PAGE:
Dr. Johnson is currently a postdoctoral research fellow at the Center for the Study of Complex Systems at the University of Michigan. He has done fascinating work on topics ranging from the development of name brand goods in the economy, to the origin of differences in sex cells, to the emergence of multimodal distributions in coupled oscillator systems.
A Dynamical Model for the Origin of Anisogamy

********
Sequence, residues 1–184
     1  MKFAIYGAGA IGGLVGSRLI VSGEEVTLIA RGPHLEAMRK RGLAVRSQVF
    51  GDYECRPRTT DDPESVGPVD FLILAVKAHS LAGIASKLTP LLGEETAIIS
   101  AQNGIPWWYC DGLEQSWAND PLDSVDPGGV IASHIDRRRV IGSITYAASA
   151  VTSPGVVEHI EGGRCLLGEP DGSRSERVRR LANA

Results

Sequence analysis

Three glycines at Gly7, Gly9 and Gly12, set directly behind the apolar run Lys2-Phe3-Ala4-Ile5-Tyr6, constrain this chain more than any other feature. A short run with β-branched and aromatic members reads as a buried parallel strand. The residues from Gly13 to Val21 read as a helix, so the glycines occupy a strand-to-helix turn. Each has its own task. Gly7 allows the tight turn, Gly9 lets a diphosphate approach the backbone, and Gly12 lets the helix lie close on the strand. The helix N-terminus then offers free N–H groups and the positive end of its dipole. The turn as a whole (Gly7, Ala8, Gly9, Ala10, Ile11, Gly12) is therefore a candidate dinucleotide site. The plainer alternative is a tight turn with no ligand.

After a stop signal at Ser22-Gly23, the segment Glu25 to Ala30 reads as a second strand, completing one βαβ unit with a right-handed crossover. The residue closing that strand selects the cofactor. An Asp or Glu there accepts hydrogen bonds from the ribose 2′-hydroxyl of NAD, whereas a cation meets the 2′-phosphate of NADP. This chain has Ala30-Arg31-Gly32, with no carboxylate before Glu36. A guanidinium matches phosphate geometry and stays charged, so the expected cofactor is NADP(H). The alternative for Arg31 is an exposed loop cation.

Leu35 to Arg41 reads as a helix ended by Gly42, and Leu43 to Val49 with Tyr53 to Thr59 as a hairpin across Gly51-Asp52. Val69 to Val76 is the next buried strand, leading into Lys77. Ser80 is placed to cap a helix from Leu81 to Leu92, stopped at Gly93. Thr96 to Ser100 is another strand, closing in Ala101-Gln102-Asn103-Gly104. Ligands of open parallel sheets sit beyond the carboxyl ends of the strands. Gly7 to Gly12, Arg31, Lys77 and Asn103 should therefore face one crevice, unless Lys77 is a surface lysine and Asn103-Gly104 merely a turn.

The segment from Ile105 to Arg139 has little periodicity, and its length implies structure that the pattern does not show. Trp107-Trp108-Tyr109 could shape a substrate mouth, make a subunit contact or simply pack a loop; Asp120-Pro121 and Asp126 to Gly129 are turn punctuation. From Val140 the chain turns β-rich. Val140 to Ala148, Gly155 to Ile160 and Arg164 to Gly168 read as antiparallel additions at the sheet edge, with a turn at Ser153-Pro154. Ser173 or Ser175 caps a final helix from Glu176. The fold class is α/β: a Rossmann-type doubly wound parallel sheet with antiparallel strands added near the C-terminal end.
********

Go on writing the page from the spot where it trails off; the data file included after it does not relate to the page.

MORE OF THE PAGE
The vast majority of multi-cellular organisms are anisogamous, meaning that male and female sex cells differ in size. It remains an open question how this asymmetric state evolved, presumably from the symmetric isogamous state where all gametes are roughly the same size (drawn from the same distribution). Here, we use tools from the study of nonlinear dynamical systems to develop a simple mathematical model for this phenomenon. Unlike most prior work, we do not assume the existence of mating types. We also model frequency dependent selection via “mean-field coupling,” whereby the likelihood that a gamete survives is an increasing function of its size relative to the population’s mean gamete size. Using theoretical analysis and numerical simulation, we demonstrate that this mean-referenced competition will almost inevitably result in a stable anisogamous equilibrium, and thus isogamy may naturally lead to anisogamy.”